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Chris Petersen braces Huskies for ultimate matchup against Alabama

Washington coach Chris Petersen holds the trophy after Washington's 41-10 win over Colorado in the Pac-12 Conference championship NCAA college football game Friday in Santa Clara, Calif. For their reward, the Huskies take on Alabama on New Year’s Eve in the national semifinals. (Marcio Jose Sanchez / Associated Press)
Washington coach Chris Petersen holds the trophy after Washington's 41-10 win over Colorado in the Pac-12 Conference championship NCAA college football game Friday in Santa Clara, Calif. For their reward, the Huskies take on Alabama on New Year’s Eve in the national semifinals. (Marcio Jose Sanchez / Associated Press)
By Christian Caple Tacoma News Tribune

SEATTLE – Here is Chris Petersen, stand-up comedian.

Was the Washington Huskies coach nervous as he watched Sunday’s College Football Playoff selection show?

“It was a little nerve-racking. I think you guys drew it out as long as you possibly could,” Petersen said during a live interview on ESPN, before jokingly chiding the person in charge of arranging the network’s graphics.

When ESPN’s breathless speculation finally ended and the rankings were unveiled, there was news both good and bad – but mostly good – for Petersen’s Huskies: They were indeed included in the playoff field, seeded No. 4 after beating Colorado 41-10 in Friday’s Pac-12 championship game.

Their reward: a Dec. 31 national semifinal game in Atlanta against No. 1 Alabama (13-0), college football’s premier juggernaut and the prohibitive favorite to win this year’s national title.

This, too, inspired humor from UW’s coach.

“Fortunately, the Seahawks are here in town,” Petersen cracked. “Maybe they’ll scrimmage us to get us ready for those guys.”

Hard to blame Petersen for being in a good mood in spite of the challenge ahead. Washington is one of only four teams still competing for a national championship, one year removed from needing a victory in its 2015 season finale just to qualify for a bowl game.

UW’s game against Alabama – the Peach Bowl, officially – will kickoff at noon PST on Dec. 31 at the Georgia Dome. No. 2 Clemson (12-1) will face No. 3 Ohio State (11-1) in the other semifinal – the Fiesta Bowl – which will be played at 4 p.m. on Dec. 31 at University of Phoenix Stadium in Glendale, Arizona.

The winners will play each other in the national championship game Jan. 9 at Raymond James Stadium in Tampa, Florida.

Washington is 0-4 all-time against Alabama, most recently losing 28-6 in the 1986 Sun Bowl.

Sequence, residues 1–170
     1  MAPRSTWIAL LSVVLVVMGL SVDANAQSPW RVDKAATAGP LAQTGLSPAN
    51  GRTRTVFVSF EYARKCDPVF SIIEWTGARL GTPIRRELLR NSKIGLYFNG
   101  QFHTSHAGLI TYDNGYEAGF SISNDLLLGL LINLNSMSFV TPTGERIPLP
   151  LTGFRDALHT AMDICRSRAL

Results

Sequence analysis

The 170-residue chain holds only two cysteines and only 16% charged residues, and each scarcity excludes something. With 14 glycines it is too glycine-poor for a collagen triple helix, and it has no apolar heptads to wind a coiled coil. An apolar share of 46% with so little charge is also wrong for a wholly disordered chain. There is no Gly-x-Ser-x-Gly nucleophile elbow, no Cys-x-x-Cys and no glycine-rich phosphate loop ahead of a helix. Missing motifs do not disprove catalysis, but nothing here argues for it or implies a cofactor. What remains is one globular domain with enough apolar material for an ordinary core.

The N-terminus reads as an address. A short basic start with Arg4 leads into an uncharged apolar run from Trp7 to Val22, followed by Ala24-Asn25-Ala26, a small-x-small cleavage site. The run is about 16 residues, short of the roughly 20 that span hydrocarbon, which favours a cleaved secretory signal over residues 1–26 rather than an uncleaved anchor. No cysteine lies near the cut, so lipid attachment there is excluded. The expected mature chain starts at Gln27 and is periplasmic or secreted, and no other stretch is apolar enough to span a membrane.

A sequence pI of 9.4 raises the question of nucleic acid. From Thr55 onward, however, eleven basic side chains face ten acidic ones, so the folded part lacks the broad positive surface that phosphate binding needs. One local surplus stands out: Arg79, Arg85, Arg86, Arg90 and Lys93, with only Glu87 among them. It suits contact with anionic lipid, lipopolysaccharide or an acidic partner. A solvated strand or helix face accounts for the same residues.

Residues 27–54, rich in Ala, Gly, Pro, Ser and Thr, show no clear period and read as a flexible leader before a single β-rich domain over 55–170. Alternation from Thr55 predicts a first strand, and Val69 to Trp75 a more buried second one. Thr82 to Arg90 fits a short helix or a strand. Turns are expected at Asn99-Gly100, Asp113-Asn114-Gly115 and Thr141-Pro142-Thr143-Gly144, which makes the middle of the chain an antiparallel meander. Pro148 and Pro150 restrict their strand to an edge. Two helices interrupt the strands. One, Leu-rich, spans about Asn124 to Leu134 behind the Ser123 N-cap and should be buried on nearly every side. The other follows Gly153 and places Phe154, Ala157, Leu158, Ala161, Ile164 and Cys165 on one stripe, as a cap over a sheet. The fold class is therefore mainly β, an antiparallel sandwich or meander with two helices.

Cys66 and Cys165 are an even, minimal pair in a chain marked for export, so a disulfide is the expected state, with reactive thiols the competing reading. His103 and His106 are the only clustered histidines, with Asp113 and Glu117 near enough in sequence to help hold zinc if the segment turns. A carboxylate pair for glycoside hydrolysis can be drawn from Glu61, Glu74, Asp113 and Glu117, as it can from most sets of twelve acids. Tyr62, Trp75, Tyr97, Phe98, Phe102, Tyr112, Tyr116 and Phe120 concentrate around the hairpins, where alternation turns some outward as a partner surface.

The Huskies (12-1) were ranked No. 4 entering Friday’s league title game, and seemingly clinched their spot in the playoff with a 31-point victory over eighth-ranked Colorado. But then-No. 7 Penn State muddied the playoff picture with a 38-31 victory over then-No. 6 Wisconsin in the Big Ten championship game.

Debate raged, mostly among ESPN personalities, about whether the Nittany Lions might jump ahead of Washington in the final ranking. But they did not, instead landing at No. 5. Penn State will face No. 9 USC in the Rose Bowl.

After discussing the merits of the two teams until 1:30 a.m. Sunday, CFP committee chair Kirby Hocutt said, the No. 4 spot went to UW because “the selection committee believes they are a better football team when compared to Penn State.”

Hocutt also indicated that if UW’s nonconference opponents – Rutgers, Idaho and Portland State – hadn’t been so weak, picking between Washington and Penn State would not have been nearly as difficult.

On a teleconference Sunday afternoon, both Petersen and Alabama coach Nick Saban said they hadn’t seen much of the other this season, though they exchanged customary platitudes of respect and admiration.

“Coach Petersen has done a fantastic job of developing this team to be one of the best teams in the country,” Saban said.

For the first time in 25 years, the Huskies are a bona fide national-championship contender.

“We couldn’t be more pleased. And I mean that,” Petersen said. “That’s an obvious statement, but I know how hard it is to get where we are in terms of how well you’ve got to play, and our kids have played really, really well. You’ve got to have luck along the way and have a lot of things – the ball (has to) bounce your way. So we’re just really thankful and grateful for this opportunity.”

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